It’s not every day that one finds himself at the world’s most famous museum, and even more unlikely to be at this place of art for a tech event. But on this beautiful spring evening in Paris, I’m here for just that, the global launch of Samsung’s new TVs.
The recently concluded Samsung SEA Forum in Singapore showcased the brand’s best and newest products. From top-of-the-line TVs to robot vacuums and flashy wearables, this year’s lineup did not disappoint. Of all the useful and innovative contraptions, however, my favorite remains to be the Family Hub 2.0.
I’m a 28-year-old girl living in 2017.
I’m unattached but unfazed. In true millennial fashion, my interests include finding the next big adventure, the politics of gender equality, social media, its implications, and framing the perfect Instagram photo.
Manufacturers have been trying all sorts of tricks to make televisions interesting again — from turning them into smart entertainment hubs to forcing 3D content down our throats — but to no avail. That’s about to change, however, with Sony’s first-ever foray into OLED TVs.
I can’t help but feel like a super hero every time I summon my virtual personal assistant.
She doesn’t have a fancy name like Iron Man’s Jarvis but she’s well known.
She simply goes by the name Google – and now, apart from my computer and smartphone, she also resides in a little contraption called Home.
It’s getting increasingly difficult finding a place for printers these days, now that digital documents and online transfers are becoming the norm across the globe. But while we’ve been mostly ignoring printers lately, their technology has surpassed some limitations. Take the HP DeskJet 3700 series as an example, with its smaller-than-average footprint.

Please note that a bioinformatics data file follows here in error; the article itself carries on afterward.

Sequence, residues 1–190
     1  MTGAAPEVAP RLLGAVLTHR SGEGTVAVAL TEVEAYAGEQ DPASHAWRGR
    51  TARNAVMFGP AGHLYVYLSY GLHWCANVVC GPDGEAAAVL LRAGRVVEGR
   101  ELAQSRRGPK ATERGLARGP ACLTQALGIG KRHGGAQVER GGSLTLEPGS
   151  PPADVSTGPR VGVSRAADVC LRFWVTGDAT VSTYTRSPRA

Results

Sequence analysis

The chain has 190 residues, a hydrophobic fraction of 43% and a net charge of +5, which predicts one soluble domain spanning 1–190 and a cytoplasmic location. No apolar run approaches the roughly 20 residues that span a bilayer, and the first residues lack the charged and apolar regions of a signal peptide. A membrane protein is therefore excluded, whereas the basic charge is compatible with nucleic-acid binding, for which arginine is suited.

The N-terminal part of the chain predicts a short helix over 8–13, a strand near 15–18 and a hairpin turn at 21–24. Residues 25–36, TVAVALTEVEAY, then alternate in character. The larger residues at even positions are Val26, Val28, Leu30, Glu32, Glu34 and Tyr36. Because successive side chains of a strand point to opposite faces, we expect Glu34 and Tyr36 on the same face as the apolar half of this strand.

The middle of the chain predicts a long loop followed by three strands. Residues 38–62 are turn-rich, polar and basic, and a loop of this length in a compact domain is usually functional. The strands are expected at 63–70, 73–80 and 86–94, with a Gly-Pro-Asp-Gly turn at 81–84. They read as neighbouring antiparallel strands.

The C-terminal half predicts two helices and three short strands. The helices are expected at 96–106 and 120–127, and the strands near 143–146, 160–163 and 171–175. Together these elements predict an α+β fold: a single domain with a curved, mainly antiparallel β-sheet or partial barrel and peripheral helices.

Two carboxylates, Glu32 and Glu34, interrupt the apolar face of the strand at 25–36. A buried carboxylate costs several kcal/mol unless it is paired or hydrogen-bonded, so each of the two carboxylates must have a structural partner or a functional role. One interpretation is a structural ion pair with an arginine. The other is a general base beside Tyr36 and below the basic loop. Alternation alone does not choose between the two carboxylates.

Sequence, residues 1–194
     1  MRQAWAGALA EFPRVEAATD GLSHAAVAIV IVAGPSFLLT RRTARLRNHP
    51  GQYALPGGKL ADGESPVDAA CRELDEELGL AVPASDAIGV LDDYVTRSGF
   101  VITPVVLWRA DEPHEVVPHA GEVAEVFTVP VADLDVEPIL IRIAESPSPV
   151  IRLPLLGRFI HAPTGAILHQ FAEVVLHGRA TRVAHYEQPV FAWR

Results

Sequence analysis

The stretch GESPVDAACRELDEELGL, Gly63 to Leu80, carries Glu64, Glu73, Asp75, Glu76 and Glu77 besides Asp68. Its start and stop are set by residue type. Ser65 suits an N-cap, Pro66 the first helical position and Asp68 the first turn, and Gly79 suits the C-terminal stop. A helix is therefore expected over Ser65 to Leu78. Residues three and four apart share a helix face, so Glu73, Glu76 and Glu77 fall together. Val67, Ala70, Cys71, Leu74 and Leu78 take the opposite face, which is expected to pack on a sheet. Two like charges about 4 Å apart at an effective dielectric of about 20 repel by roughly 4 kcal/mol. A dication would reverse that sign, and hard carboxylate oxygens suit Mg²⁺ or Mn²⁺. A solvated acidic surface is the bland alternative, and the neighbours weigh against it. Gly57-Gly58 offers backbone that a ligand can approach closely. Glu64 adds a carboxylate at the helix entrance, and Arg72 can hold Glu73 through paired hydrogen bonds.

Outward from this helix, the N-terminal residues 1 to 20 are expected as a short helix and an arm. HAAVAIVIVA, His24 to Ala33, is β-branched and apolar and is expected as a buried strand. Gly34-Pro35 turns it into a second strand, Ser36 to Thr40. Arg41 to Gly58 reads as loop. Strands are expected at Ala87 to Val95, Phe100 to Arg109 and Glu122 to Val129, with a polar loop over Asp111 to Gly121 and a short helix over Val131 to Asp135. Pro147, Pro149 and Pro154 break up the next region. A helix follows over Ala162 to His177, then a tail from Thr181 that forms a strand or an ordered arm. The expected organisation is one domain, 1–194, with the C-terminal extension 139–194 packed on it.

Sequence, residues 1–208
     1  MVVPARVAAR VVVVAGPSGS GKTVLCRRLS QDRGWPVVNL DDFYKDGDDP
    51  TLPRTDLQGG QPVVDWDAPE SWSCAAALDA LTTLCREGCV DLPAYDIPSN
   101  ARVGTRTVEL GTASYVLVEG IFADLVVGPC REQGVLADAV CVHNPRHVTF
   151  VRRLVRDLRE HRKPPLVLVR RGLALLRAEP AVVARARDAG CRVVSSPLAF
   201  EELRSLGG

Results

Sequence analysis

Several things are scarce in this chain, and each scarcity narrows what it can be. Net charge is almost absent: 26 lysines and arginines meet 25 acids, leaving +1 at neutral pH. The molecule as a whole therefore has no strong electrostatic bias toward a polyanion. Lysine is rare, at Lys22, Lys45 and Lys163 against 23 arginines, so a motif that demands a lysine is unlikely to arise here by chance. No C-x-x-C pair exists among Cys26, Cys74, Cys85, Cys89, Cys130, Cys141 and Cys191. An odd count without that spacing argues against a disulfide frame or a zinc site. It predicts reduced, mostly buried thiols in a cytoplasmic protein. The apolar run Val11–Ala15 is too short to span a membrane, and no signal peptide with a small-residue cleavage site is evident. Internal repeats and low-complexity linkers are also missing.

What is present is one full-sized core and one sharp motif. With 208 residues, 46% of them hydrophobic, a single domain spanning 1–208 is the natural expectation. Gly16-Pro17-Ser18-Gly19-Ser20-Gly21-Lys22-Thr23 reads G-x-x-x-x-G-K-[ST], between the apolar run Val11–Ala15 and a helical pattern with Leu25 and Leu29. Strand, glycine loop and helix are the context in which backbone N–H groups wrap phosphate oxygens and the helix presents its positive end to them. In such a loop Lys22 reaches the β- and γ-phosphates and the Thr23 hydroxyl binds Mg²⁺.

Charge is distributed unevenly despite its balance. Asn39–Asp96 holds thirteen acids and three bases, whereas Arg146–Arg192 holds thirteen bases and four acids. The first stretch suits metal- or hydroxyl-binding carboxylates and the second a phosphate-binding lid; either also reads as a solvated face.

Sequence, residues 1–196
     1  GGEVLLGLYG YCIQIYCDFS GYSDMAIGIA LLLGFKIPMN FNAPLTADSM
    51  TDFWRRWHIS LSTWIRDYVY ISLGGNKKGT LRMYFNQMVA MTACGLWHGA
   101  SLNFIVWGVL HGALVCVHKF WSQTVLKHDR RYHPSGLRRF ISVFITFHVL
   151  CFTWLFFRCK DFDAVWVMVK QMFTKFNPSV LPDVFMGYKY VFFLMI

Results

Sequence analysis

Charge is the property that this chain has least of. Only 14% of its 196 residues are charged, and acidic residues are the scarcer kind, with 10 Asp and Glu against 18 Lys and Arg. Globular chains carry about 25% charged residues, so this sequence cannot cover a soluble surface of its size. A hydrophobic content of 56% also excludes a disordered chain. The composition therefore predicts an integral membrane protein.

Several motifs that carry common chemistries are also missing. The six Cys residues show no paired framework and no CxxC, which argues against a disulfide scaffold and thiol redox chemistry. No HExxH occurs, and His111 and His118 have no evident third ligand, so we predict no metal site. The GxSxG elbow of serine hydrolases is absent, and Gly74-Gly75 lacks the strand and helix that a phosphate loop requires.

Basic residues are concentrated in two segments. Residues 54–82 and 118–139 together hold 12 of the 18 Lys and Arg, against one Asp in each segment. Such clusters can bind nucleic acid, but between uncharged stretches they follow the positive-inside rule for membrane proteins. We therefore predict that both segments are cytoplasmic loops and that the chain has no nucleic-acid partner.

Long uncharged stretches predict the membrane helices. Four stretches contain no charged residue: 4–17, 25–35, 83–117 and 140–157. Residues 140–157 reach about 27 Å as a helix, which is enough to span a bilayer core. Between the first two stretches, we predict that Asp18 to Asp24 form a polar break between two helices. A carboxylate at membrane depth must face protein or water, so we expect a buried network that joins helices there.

We’re not used to seeing so many hardware announcements from Google at once, which made the major event earlier today all the more special. It’s not going to be something we’ll fondly remember eight years from now (ahem, Google Senior VP), there were several needle-moving products unveiled. Let’s see which ones are hot, and which are not.
At the 35th annual Computex 2016 in Taiwan, within the walls of the biggest computer trade show in Asia, one homegrown company stole our hearts.
And not just because its upcoming smartphones proved to be everything we wanted, and more, but also because at least one more product in its diversified portfolio is just as exciting — if not even more so.
Covering television sets can be a chore, even for tech journalists, because let’s face it: Even in this day and age, being interested in a new TV usually still feels like forcing yourself to eat right — special features and screen sizes be damned. I imagine the same is true among shoppers navigating the aisles of appliance stores, hoping to find the right set to bring home and show the family.
If only my grandfather could see what TVs look like today.
His was more than a foot thick and required at least two strong people to lift. These days, ultra-thin televisions are about 6-7 mm thick on average, so at 2.57 mm, the new LG Signature OLED television is an unbelievable engineering marvel.
Have you ever gone grocery shopping only to wonder if you still had a box of milk or a tub of butter left in the fridge?
Samsung hopes its new smart refrigerator will solve that problem. Embedded with several cameras and connected to the Internet, users can via an app, peek into their fridges, even if they’re many miles away.
More than the now, CES 2016 is a showcase of technology’s potential. It’s a showcase of what will hit the market soon and in the distant future.
There has been absolutely no shortage of new technology we can all drool over. Some are cute, some quirky, while others are attempts to make your everyday things smarter.